“Today, Syrian refugee children in Jordan face a bleak educational present, and an uncertain future. Close to one in three—226,000 out of 660,000—Syrians registered with the United Nations refugee agency in Jordan are school-aged children between 5-17 years old. Of these, more than one-third (over 80,000) did not receive a formal education last year.”
This report looks at the challenges facing two countries on the front-line of the global refugee crisis – Lebanon and Turkey. Between them, these countries have some 732,000 children out of school aged 5-17. In both cases the level of need vastly outstrips the resources available. There are not enough teachers, schools or classrooms – and the education infrastructure that does exist is deteriorating. Refugee children face additional challenges in adapting to a new curriculum. Compounding these challenges, refugee poverty, insecurity and vulnerability create barriers of their own.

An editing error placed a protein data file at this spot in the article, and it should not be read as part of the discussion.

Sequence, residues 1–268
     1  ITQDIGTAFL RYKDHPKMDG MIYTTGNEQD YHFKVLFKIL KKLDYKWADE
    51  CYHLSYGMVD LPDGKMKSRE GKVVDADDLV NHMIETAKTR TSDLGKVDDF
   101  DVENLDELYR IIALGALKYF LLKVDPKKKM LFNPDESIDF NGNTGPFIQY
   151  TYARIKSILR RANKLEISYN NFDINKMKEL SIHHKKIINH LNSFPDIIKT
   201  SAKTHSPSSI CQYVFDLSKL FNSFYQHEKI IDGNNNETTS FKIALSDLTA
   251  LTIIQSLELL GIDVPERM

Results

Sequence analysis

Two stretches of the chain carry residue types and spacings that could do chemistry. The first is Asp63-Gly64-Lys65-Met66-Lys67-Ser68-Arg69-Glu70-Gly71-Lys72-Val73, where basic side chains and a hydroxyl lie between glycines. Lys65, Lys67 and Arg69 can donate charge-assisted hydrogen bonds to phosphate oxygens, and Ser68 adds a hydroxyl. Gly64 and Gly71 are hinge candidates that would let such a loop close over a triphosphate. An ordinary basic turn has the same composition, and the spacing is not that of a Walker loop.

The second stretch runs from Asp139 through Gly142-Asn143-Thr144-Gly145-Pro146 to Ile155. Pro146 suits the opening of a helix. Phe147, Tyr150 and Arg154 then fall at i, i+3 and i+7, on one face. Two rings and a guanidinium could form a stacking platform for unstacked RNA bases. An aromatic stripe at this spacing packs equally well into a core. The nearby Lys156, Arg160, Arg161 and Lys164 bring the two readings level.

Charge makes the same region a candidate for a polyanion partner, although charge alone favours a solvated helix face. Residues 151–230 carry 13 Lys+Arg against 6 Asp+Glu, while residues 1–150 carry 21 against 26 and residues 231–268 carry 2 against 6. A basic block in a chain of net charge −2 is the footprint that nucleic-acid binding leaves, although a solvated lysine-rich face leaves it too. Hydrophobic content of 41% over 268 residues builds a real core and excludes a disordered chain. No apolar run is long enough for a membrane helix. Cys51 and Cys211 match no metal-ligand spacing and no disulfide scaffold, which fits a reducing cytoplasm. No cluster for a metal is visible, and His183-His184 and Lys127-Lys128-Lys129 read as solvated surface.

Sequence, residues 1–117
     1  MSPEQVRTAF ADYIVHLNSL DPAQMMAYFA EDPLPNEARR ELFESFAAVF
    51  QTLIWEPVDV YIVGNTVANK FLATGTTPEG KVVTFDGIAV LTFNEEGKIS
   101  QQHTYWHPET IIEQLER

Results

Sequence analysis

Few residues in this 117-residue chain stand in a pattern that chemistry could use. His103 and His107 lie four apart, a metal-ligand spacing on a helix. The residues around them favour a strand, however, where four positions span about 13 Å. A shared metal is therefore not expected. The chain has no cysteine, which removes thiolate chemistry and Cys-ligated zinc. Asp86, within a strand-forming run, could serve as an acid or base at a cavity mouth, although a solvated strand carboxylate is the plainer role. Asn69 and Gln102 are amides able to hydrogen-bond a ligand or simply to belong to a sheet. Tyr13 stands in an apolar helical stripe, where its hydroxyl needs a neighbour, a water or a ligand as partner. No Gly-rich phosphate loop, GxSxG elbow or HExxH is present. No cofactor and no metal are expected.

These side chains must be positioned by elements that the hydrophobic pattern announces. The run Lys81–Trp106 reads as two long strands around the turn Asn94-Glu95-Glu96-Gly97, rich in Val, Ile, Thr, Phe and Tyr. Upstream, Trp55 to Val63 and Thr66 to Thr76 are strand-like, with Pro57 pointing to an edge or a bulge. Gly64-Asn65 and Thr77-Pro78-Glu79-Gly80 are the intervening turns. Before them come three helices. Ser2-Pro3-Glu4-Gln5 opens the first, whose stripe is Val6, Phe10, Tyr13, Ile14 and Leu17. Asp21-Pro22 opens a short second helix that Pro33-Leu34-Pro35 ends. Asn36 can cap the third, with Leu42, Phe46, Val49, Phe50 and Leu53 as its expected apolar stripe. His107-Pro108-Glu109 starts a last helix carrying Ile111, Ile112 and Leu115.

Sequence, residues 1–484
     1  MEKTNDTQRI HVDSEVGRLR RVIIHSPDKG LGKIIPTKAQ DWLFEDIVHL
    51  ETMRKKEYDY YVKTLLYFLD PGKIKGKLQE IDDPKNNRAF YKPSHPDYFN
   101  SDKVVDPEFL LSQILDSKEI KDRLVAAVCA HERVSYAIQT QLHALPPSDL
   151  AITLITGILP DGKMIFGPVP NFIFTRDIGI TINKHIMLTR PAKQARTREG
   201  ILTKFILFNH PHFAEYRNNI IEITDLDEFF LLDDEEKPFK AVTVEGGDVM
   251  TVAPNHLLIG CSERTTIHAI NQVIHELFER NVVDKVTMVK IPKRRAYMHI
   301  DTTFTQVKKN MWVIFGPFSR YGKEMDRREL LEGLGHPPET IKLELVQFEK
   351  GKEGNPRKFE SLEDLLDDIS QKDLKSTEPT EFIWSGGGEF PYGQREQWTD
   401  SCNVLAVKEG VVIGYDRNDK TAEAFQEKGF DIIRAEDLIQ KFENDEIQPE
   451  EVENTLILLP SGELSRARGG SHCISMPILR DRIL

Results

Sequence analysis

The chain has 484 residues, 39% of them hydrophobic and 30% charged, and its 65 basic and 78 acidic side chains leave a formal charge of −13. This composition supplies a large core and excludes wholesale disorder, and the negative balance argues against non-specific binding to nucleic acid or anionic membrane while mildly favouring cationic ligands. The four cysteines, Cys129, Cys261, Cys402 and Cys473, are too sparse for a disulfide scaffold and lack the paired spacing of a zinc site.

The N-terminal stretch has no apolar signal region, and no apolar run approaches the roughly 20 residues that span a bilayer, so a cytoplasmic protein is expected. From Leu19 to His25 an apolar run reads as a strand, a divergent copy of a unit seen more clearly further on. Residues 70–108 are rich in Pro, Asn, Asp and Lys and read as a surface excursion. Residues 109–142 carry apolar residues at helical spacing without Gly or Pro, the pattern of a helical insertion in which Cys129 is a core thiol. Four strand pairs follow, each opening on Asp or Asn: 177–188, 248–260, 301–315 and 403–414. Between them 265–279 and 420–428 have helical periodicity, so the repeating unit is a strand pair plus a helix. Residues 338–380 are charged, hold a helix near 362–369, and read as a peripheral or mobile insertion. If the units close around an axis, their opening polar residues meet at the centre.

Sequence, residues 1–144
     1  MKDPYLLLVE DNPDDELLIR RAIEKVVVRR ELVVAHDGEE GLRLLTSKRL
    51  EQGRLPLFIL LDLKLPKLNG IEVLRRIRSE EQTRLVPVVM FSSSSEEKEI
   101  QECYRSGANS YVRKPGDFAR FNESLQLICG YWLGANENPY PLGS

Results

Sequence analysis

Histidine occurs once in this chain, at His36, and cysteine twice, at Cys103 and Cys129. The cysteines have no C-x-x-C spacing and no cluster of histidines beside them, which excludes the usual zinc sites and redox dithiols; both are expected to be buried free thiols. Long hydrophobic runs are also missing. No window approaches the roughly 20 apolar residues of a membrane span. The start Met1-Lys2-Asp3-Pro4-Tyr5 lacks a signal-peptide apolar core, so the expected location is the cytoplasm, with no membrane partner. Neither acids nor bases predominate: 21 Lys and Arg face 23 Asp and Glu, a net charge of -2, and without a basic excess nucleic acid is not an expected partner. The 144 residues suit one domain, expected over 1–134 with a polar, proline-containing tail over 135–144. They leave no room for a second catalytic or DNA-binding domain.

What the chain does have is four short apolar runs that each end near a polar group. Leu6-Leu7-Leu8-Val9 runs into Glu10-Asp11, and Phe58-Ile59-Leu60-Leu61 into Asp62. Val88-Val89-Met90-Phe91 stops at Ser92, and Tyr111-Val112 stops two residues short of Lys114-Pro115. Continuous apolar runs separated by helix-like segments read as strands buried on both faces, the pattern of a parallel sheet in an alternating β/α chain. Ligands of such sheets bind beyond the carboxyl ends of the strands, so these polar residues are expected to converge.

This important new report documents the major obstacles that prevent Syrian refugee children from getting formal education in Turkey, which is hosting more than 2 million refugees from the Syrian conflict that began in 2011. The government adopted an important policy in September 2014 that formally grants Syrian children access to public schools, but key obstacles including a language barrier, social integration issues, economic hardship, and lack of information about the policy, remain one year later.